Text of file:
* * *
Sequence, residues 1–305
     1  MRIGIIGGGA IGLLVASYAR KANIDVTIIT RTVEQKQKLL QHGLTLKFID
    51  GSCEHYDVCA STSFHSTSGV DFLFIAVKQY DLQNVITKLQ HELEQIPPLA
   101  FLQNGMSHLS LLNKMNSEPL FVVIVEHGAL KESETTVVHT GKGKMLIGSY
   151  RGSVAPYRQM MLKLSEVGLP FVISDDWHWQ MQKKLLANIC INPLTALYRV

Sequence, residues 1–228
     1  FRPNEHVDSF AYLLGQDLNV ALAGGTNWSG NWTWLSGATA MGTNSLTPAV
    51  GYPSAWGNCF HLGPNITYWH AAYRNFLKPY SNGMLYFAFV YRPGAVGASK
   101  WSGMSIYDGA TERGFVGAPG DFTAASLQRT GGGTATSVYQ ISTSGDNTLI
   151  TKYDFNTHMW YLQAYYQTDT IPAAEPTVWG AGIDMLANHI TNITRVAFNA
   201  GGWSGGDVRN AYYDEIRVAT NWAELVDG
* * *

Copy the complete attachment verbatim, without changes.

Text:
Sequence, residues 1–305
     1  MRIGIIGGGA IGLLVASYAR KANIDVTIIT RTVEQKQKLL QHGLTLKFID
    51  GSCEHYDVCA STSFHSTSGV DFLFIAVKQY DLQNVITKLQ HELEQIPPLA
   101  FLQNGMSHLS LLNKMNSEPL FVVIVEHGAL KESETTVVHT GKGKMLIGSY
   151  RGSVAPYRQM MLKLSEVGLP FVISDDWHWQ MQKKLLANIC INPLTALYRV

Sequence, residues 1–228
     1  FRPNEHVDSF AYLLGQDLNV ALAGGTNWSG NWTWLSGATA MGTNSLTPAV
    51  GYPSAWGNCF HLGPNITYWH AAYRNFLKPY SNGMLYFAFV YRPGAVGASK
   101  WSGMSIYDGA TERGFVGAPG DFTAASLQRT GGGTATSVYQ ISTSGDNTLI
   151  TKYDFNTHMW YLQAYYQTDT IPAAEPTVWG AGIDMLANHI TNITRVAFNA
   201  GGWSGGDVRN AYYDEIRVAT NWAELVDG